If you are wondering how penny auctions work, look no further, we have devised the perfect penny auctions for dummies guide. So you probably heard that you can get brand new products for a fraction of the retail price through penny auctions. You also probably heard that penny auctions are a scam; products selling for such low prices are too good to be true, right?
Before you decide if you want to try penny auctions, read the step-by-step guide of how they work and the different types of penny auctions that are out there.
The name ‘penny auction’ comes from the fact that auction prices can only go up by 1p at a time, participants cannot decide how much they want to increase the auction price because it’s already pre-set at 1p increments.
There are over 50 different types of penny auctions around the world, but the majority of them are based in the US which doesn’t offer much choice for customers on the other side of the pond. However, whatever choice is lacking in Europe, it’s certainly made up in the penny auction quality, usability and customer care.
Penny Auctions Explained:
- Sign-up is free
- You need to pay to participate in auctions but if you want to just browse and shop, you can do so without joining the auctions
- You probably want to join the auctions because this is where the big discounts are. To start you need to buy a credit package.
- Credits are a form of currency used in penny auctions, 1 credit has a value of 10p usually, but you can check this by simply dividing the number of credits in a package by the price you buy them. Example: if 550 credits cost £27.99 then 1 credit will be valued at £0.05.
- When you have your credits, you will notice all auctions list how many credits are required to place a single Bid. Bigger items require more credits, so start with the smaller value items, these usually have less competition which means you will usually have to spend less bids.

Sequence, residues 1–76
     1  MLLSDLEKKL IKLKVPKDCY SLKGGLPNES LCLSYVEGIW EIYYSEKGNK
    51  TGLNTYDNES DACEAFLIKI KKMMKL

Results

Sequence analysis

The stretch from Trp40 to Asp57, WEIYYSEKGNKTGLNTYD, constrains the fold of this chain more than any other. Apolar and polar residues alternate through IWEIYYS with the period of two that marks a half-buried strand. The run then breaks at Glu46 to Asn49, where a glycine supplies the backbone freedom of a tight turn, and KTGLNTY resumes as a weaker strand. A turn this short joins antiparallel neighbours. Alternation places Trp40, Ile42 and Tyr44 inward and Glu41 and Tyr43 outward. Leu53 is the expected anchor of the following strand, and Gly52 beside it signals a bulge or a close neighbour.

- Every time you click Bid, you will see the number of credits that auction requires deducted from your account. Credits will be deducted every time you click Bid.
- You will also notice that every auction has a timer.
- Timers may vary for different auctions. A car auction might have a 1 minute count-down timer but headphones might have a 30 second timer.
- It’s very important to watch the timer because when the timer runs out (00:00) it means the auction is closed.
- The winner of the auction is the last person to place the Bid before the timer reaches zero.
- You might think 30 seconds is not a very long time for an auction, but here is the fun part, every time someone clicks Bid, the timer re-starts. This means that the timer might be counting down to 5 seconds but if someone clicks Bid, it goes back to 30 seconds and counts down again until no-one places a bit and the timer runs out.
Winning an Auction
- If you are the last person to Bid before the timer runs out, you win whatever you were bidding on. If you clicked Bid, saw the auction price go up by 1p and the auction closed, then you should get a pop-up with a summary of that auction saying you won.